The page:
|A Quick Note:
Expensive, yet powerful. While I did section the following items under "Late Game", it is perfectly viable to build many of them during the mid-game as well. Those that should really only be built +30 mins will be marked by a large '*'.
|A good choice for when you need more survivability against ADC's or crit-loving champs in general. The health and armor components alone are decent, and along with a 15% reduction in attack speed and 10% less damage from critical strikes, you can feel confident about taking a few more hits than before. Another nice bonus from this item is an active effect that slows nearby enemies by 35% for 4 seconds. Since you do need to get in melee range to apply your own slow from Chomp, this active can help you close the gap between you and your target when you're not quite in range.|
|With more health when compared to Randuin's Omen but less armor and no crit or ATS (attack speed) reduction, this item offers less protection against auto-attack/crit-based champions. Even so, the item itself offers decent, tanky stats and is effective at combating wide varieties of physical threats. What sets this item apart from other health and armor items is the utility you get from the item's two passives, Dreadnought and Crushing Blow.
The Dreadnought portion of the item gives you a flat movement speed bonus that can make both warding and engaging on or chasing enemies easier. The Crushing Blow passive applies bonus damage to your first auto-attack whenever you have stacks of momentum available. When your stacks aren't full it will only do extra damage, but when they are you'll do twice the bonus damage and apply a 75% slow for 1 second. With these two nifty passives, running up to and locking down targets becomes fairly easier as you can quickly close the gap and stop them in their tracks with Crushing Blow-powered Q's.
|Although it seems more geared towards "all-around" protection, I would actually recommend getting this item when there are more magic-based champions on the other team. Reason being is that for the most part, magic damage is almost always dealt as burst rather than over time like physical damage. Therefore, all you really need against a predominantly AP team is an above average amount of MR and lots and lots of health. With this buy + Locket of the Iron Solari, you should have more than enough magic resist to protect yourself; focus primarily on health and some armor from this point on.
Its passive makes diving into and bailing from turrets smoother all around, and the purple triangle that the active lets you put down also grants you movement speed when you're close by. From my experiences, the minions that spawn from the void gate aren't too tough and die easily if focused by a champion. However, these can't be killed by regular minions, making them excellent at splitpushing sidelanes while your team meanders off, elsewhere.
(Take note that these minions do have time limits on them, so be sure not to place the void gate too far back)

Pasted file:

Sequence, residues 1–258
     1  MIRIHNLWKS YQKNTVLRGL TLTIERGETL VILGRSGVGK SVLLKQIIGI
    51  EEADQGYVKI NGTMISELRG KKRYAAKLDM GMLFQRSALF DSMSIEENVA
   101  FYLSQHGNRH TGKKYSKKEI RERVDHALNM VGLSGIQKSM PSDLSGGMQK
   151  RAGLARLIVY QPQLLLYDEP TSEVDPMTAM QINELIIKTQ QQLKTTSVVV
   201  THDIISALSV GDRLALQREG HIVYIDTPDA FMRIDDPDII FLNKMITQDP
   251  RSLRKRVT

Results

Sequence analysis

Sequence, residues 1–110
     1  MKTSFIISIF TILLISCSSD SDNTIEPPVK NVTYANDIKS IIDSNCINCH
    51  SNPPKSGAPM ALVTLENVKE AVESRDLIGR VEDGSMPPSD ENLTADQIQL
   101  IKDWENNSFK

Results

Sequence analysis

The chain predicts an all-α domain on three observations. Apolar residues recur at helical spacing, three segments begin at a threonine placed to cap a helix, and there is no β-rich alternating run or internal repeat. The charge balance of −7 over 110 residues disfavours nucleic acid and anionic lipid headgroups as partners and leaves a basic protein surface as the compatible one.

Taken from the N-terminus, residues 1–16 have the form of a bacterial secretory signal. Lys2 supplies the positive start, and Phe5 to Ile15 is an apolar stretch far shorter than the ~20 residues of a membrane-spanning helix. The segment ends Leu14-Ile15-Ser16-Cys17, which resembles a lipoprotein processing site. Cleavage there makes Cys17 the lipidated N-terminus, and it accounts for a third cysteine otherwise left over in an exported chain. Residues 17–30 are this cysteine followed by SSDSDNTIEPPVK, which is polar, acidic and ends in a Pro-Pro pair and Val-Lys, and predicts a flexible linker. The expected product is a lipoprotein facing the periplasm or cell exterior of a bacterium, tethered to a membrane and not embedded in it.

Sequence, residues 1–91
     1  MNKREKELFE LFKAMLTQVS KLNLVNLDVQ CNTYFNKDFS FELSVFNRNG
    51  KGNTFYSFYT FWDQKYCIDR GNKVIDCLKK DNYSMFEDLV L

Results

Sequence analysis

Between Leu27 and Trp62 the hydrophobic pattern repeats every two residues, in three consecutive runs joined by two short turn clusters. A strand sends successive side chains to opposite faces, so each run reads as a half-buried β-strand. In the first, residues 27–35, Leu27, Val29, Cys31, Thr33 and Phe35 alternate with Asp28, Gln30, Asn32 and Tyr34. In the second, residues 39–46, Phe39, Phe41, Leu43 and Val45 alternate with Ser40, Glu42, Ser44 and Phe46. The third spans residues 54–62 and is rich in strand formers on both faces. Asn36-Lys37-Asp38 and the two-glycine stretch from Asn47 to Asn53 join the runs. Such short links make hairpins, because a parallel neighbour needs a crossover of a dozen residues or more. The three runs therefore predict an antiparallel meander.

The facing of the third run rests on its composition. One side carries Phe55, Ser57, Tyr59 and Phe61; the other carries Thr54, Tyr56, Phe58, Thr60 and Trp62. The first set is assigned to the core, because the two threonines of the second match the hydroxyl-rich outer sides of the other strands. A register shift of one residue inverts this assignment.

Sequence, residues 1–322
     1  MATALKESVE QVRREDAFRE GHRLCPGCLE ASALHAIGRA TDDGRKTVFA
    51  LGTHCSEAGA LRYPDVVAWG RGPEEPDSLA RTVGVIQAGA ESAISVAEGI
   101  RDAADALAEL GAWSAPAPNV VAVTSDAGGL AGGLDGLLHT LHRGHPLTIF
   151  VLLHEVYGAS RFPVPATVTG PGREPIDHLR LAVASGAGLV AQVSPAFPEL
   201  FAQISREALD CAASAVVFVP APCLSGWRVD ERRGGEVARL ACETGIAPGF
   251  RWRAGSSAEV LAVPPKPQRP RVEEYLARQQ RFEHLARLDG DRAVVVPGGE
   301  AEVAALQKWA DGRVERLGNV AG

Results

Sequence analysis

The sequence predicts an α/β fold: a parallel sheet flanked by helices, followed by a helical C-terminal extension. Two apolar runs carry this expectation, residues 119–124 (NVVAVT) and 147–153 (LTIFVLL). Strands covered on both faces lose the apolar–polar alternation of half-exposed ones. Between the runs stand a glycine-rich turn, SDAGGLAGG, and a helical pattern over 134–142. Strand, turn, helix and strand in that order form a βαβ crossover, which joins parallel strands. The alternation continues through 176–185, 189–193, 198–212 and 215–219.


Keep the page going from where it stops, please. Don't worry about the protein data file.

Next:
|With the rise of ADC's, Thornmail is becoming more and more relevant than ever before. This item forces enemy champions to trudge through 100+ armor all while taking damage with each basic attack they throw at you. This damage stacks up quickly, so use this extra pressure to further punish enemy auto-attackers who decide to hit you and discourage them from hitting you at all. However, if there's still AP/magic-damage threats on the other team, Thornmail may not be the best item choice since it offers no health or resists other than armor.|
How to Train Your Pillar
|You can't really learn effective pillar'ing from simply reading a guide, but rather by playing Trundle a couple times and understanding his range and the movements of your targets. One of the most fundamental parts of Trundle's E is the short but significant knock-up. When paired with the AoE slow surrounding your pillar, this can severely impede your opponents.
The images below show how to achieve the knock up when using Pillar of Ice and how to position the pillar correctly so your target ends up on the desired side.
When attempting to bring an enemy closer to you, aim your pillar in the direction you're chasing and slightly ahead so the inner circle's closest rim is right in the middle of your target. They will then be knocked up and will end on your side of the pillar - good for you, bad for them.
When attempting to ward off enemies, aim your pillar slightly in front of them so that the inner circle's farthest rim is right in the middle of your target. The resulting pillar will knock them up and place them on the opposite side of the pillar, forcing them to walk around it while under a constant slow.
Good Pillars vs. Unhelpful Structures
Like I mentioned before, using Pillar of Ice at the right place and at the right time can make a world of a difference compared to throwing it up without any thought. In addition, being careful about where and when you pillar can help prevent you from bad accidents that can actually backfire on your own team. The following clips and explanations will aim to show what makes a good pillar good and a bad pillar very unhelpful.
Good Pillar Ex. #1
|The edges of walls can be big asset when it comes to using Trundle's pillars to the best effect. Right before Zed attempts to cross over onto the other side of the wall to regroup with his teammates, I threw up my pillar right at the edge of it. This forces him to walk all the way around, but under the constant slow of the pillar we can reach him before he's able to leave.|